In this encyclopedic dictionary, Fargnoli and Golay provide detailed entries on Faulkner, his works, family, friends, contemporaries, and prominent places in his life. The volume also contains entries on publishers, magazines, and other social, historical, and cultural influences on Faulkner's work, including the response from not only critics but also the public. The appendixes are rich in resources, including family trees for Faulkner's family as well as for several families in his books. The entries are detailed meticulously, packed with see references, and sprinkled with photographs of Faulkner. The articles on Faulkner's works not only synopsize the plots but also provide background. Clearly written and carefully researched, the book also is visually appealing. What is perhaps one of the most significant benefits of this resource is that it demystifies Faulkner's work, rendering the novels and short stories more accessible to readers who might find them daunting. This book certainly deserves a place in any high school library as well as in larger young adult reference sections in public libraries. Indeed, if Faulkner is part of the literature curriculum, this source is essential. Index. Illus. Photos. Biblio. Chronology. Appendix. 2002, Facts on File, 340p,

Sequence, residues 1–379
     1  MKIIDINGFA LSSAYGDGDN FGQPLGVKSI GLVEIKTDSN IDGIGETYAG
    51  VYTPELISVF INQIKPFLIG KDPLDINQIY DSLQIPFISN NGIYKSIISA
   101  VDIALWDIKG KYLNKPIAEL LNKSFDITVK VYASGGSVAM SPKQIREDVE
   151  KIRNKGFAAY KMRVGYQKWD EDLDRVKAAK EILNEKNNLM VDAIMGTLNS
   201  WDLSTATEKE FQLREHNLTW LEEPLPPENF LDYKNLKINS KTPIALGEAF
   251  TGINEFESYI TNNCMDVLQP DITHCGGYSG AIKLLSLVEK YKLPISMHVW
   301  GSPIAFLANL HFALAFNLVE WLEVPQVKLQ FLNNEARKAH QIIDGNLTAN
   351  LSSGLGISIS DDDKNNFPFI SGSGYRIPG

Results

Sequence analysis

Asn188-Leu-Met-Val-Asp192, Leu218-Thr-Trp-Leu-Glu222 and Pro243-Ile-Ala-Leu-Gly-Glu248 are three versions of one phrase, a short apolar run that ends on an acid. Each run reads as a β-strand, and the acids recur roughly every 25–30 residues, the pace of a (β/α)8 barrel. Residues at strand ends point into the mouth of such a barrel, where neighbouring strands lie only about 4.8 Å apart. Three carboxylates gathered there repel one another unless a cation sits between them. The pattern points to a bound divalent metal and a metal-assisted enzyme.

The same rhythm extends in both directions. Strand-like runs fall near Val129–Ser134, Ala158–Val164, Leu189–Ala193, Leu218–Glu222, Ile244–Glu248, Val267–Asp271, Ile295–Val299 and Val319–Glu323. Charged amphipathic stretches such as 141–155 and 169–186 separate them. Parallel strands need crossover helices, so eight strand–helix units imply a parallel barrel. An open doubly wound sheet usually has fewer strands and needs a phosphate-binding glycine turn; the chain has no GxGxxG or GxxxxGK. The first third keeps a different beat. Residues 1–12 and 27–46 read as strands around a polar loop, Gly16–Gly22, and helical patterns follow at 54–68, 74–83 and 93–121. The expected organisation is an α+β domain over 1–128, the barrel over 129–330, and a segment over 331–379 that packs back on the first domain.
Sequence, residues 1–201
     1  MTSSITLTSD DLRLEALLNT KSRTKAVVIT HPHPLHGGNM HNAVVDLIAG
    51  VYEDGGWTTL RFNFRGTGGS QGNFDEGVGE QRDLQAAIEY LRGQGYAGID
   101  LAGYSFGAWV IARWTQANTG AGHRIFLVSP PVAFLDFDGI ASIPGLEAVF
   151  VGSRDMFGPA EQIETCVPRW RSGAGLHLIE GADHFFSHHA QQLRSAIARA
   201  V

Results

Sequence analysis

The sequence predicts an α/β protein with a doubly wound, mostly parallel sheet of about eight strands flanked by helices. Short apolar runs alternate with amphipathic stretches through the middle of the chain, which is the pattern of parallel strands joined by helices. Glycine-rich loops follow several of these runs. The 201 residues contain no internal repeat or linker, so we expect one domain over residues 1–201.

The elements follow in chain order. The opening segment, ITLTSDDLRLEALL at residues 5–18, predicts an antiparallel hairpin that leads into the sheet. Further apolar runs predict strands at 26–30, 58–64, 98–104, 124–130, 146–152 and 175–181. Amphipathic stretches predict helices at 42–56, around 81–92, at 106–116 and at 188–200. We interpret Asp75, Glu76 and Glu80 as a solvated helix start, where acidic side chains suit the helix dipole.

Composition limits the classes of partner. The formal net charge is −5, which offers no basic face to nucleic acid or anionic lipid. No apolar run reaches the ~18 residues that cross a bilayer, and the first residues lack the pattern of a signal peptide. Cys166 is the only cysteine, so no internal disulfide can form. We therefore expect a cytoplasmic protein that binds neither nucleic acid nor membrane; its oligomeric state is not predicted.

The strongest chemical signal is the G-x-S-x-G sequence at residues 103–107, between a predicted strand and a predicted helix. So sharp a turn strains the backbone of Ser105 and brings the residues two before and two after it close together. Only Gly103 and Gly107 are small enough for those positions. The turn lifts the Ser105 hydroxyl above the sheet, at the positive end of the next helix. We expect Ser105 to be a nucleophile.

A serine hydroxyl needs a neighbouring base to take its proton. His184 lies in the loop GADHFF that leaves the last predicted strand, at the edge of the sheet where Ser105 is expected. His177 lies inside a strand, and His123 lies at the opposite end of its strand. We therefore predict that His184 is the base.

Designed for the nonspecialist, like other fine volumes in Facts On File's "Literary A to Z" series, this work is intended as a supplement to help readers negotiate Faulkner's amazing modernist aesthetic, which led into the postmodernist movement. Anyone who has struggled with the extraordinary style and narrative inventiveness of Faulkner will appreciate the assistance. The work contains over 1500 cross-referenced entries on all of Faulkner's works (poems, short stories, novels, letters, essays, speeches, and screenplays); the names, places, events, and ideas associated with them; their critical and popular reception; historical and social influences; and Faulkner's family relations. Four appendixes (covering character family trees, major library holdings and other bibliographic lists, a chronology, and assorted writings) round out the work. The most recent notable reference on Faulkner is Robert W. Hamblin and Charles A. Peek's A William Faulkner Encyclopedia (Greenwood, 1999), which is more scholarly in tone (and has signed essays) but covers much of the same material at a cost of $95. Public and school libraries that do not own the Hamblin/Peek title will be well served by this somewhat less expensive title; academic libraries should consider both. Highly recommended as an erudite treatise on all things Faulkner.DNeal Wyatt, Chesterfield P.L., VA Copyright 2001 Cahners Business Information.